Lord Narasimha in Kerala Mural Masterpiece
Marvel at the intricacy of Narasimha sculptures in Chennakesava Temple, just like our stunning Kerala mural painting of Narasimha.

The Hoysaleswara Temple, Halebidu

This temple follows the Shivaism tradition, dedicated to Lord Shiva. This twin temple, housing Hoysaleswara and Santaleswara Shiva lingas, symbolizing the masculine and feminine aspects, stands as an architectural marvel. Two Nandi shrines outside the temple, each facing their respective Shiva linga, along with a smaller sanctum for the Hindu Sun god Surya, contribute to the temple's grandeur. The temple's square plan, carved from soapstone, boasts remarkable sculptures, intricate reliefs, detailed friezes, and inscriptions in both North Indian and South Indian scripts. It provides a captivating glimpse into life and culture in 12th-century South India.

Image CC: Wikipedia

The Keshava Temple, Somnathpura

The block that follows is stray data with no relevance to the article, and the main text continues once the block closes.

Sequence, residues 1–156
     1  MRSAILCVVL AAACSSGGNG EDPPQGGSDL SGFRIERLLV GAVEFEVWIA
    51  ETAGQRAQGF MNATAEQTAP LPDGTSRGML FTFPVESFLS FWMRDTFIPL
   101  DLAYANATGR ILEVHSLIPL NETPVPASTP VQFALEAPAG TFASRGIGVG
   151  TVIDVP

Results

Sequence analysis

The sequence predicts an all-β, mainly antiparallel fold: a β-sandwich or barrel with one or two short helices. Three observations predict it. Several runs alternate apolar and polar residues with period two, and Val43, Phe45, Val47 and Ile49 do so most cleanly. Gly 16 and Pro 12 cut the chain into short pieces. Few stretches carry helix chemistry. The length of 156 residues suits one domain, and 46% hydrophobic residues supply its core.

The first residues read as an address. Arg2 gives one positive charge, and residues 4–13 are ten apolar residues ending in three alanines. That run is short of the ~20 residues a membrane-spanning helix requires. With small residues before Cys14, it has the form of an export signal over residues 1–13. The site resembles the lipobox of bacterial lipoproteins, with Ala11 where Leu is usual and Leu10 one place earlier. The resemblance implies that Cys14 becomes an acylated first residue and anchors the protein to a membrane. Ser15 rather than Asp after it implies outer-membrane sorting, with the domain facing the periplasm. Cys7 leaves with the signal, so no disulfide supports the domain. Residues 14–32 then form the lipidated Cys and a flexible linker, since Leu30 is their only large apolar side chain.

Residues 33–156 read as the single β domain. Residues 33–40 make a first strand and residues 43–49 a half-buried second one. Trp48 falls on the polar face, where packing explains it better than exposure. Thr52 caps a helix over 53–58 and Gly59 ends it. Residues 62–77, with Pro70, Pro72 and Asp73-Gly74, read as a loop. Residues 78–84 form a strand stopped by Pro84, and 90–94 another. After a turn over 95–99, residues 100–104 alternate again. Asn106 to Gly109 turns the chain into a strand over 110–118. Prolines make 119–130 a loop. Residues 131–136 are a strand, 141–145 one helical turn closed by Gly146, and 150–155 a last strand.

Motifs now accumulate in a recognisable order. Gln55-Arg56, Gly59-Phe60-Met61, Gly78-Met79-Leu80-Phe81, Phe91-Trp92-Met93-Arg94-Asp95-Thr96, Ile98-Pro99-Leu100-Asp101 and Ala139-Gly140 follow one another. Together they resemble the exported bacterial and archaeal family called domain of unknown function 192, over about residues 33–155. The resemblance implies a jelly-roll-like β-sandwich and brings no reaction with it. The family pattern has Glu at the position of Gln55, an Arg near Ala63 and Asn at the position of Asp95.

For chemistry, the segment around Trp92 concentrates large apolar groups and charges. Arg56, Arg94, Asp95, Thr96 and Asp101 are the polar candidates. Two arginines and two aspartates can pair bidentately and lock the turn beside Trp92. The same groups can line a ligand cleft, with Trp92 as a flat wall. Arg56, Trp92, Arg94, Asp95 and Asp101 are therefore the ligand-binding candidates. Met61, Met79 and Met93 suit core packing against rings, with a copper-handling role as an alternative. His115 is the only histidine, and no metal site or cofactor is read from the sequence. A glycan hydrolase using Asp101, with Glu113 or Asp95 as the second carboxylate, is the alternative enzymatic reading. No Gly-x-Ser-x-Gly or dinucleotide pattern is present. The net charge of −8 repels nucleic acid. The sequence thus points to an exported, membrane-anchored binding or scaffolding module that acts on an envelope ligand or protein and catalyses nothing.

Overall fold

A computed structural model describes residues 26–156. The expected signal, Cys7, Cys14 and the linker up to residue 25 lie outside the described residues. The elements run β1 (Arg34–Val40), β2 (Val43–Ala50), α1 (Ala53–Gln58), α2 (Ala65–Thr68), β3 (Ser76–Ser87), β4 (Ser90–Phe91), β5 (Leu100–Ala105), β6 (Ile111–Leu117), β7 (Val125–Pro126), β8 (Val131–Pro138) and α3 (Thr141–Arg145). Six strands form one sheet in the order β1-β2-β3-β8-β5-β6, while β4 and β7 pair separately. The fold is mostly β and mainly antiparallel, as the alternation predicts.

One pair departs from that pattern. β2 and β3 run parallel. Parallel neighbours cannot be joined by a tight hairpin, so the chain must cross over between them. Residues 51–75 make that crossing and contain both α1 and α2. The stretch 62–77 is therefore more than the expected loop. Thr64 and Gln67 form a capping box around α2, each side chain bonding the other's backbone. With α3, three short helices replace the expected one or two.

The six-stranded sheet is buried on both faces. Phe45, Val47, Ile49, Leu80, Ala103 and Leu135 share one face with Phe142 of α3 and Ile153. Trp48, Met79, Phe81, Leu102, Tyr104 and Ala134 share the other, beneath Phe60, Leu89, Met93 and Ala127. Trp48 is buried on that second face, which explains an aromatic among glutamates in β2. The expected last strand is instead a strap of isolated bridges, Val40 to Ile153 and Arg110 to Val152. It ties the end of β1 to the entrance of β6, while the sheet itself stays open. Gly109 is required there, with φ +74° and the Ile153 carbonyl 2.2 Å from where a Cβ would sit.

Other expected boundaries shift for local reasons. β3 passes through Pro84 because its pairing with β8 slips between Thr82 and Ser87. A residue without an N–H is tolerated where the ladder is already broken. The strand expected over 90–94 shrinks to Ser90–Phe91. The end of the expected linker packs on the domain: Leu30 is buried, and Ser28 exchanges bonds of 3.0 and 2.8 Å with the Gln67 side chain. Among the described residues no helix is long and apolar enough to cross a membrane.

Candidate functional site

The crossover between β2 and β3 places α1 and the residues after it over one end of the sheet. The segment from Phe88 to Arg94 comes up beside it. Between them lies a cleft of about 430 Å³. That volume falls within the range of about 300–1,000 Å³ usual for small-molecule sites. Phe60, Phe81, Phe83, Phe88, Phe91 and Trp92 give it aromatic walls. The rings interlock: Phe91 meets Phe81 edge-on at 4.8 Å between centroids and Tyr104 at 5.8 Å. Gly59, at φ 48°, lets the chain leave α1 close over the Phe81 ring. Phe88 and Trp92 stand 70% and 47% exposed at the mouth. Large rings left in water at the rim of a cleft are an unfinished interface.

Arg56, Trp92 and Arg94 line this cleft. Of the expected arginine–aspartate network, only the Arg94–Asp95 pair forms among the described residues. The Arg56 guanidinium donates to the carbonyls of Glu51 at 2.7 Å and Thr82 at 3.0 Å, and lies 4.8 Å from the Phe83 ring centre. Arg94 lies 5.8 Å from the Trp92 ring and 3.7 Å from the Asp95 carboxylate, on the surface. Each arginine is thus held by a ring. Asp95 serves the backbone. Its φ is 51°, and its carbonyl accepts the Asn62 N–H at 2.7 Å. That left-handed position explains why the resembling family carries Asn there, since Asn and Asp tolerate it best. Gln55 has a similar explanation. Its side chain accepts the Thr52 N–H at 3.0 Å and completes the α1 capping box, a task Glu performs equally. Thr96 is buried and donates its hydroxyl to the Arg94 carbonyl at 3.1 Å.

This is a Vaishnava Hindu temple on the banks of River Kaveri at Somanathapura, Karnataka, India. The temple was consecrated in 1258 CE by Somanatha Dandanayaka, a general of the Hoysala King Narasimha III.
This ornate temple exemplifies Hoysala architecture. Enclosed within a courtyard with pillared corridors of small shrines, the central temple rests atop a high star-shaped platform, housing three symmetrical sanctums dedicated to different forms of Vishnu. The temple's outer and inner walls, pillars, and ceilings showcase intricate carvings portraying Hindu theology and extensive friezes depicting the Ramayana in the southern section, Mahabharata in the northern section, and Bhagavata Purana in the western section of the main temple.

Image CC: Wikipedia

These monuments illuminate the stories of the skilled artisans and sculptors who breathed life into these stone wonders. The Hoysala architectural style has etched an indelible mark on Indian temple architecture, influencing subsequent architectural styles and continuing to inspire contemporary architects and artisans.

With UNESCO's prestigious recognition, these architectural marvels beckon travellers, historians, and art enthusiasts to bask in their timeless beauty and historical significance. As we celebrate their inclusion on the World Heritage List, let us also shoulder the responsibility of preserving these treasures, ensuring they endure for future generations to admire and cherish.